... Continued from Pt. III
Not far from the house of games that the crows had led the boy back to, he laid down alongside the road for a short rest. But as he was sleeping, he was bitten by a terrible snake. The bite was so bad, and the poison from the snake so powerful, that the boy had to abandon his journey to Metropolis altogether. Lying beside the road, sweating with a high fever, the boy watched many like him go past, in various conditions. He saw wealthy people, poor people, beautiful people, people much sicker than he but still somehow making their way through life. Everyone, it seemed, had to travel this road, regardless of their position or condition.
One day, as the boy sat beside the road nursing his snake bite and begging for alms, he was amazed to see his mother approaching. When she saw him, she must have felt great remorse and pity, because she stopped then and there, letting her horses continue on, and nursed the boy back to health. The healthier the boy got, though, the less he recognized the woman helping him as his mother, until one morning he woke up and found that she was a complete stranger. The boy wanted to flee from her in terror when he noticed the hundreds of thousands of tiny spiders crawling over her rotting flesh, but the monster would not let him leave. It was only after he had sung her to sleep that the boy was able to escape. As he did so, he stole the purse that the monster held in her claws as she slept, replacing it with a bag of stones.
Finally back on his journey after being waylaid along the side of the road to Metropolis for what turned out to be years, though he had thought it only days, the boy ran into the girl who had stolen his treasure at the house of games so long ago. He warned her, "I lost my treasure to you once before, I will not trust you again." In response, she said, "I had to leave without saying goodbye, but I assure you, I took no treasure." She was so beautiful that despite his reservations the boy agreed to share the purse he had just stolen from the she-monster with her, if the girl would help him find a carriage for the rest of his trip. The two headed together towards the nearest town hall, where the girl said they would be able to get help. On the way, they stopped to play toss with a pair of small children, another boy and girl. Following this, they raced across a towering gorge, through many different forests, and talked of constellations when blue night fell. When the boy finally felt that he could trust the girl, he gave half of his stolen riches to her, only to turn around and see that both she and all of his treasure were gone again. The boy asked a man at the city hall if he had seen the girl, but the man said he had seen too many to remember, and his description was of no help. Despondent, the boy stepped out from the steps of the town hall into the light of the sun and was frozen once more.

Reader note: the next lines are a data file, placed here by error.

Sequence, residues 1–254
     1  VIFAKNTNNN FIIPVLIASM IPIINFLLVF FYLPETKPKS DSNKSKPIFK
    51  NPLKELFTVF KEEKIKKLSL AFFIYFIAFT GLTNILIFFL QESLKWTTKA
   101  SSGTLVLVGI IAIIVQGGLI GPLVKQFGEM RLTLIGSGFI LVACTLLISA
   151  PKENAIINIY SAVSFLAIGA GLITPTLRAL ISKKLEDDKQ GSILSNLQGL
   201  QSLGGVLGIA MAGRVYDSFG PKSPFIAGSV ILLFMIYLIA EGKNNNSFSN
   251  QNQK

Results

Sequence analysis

A group of three young workmen were put in charge of disposing of the boy's body. It seemed that the mayor considered him a nuisance and an eyesore. The three workmen took him to the towns incinerator, but could not burn his body, as they saw themselves reflected in his glassy stare, and did not want to be destroyed themselves. Instead, they secretly loaded his body into a crate and sent it off on a ship destined for Metropolis, where the curative waters might have been able to restore him. They attached a note explaining the boy's situation to the crate, after wrapping his body in thick clothing, his head and hands in a hat and a pair of gloves, and placing a small treasure in his pocket. The boy awoke in the middle of his sea journey, but was not scared to be locked in a crate; he felt safe in the creaky bowels of the ship, for he knew that soon he would be in Metropolis, the city of dreams and wonders, where he would be able to leave his horrible past behind him.
...to be continued...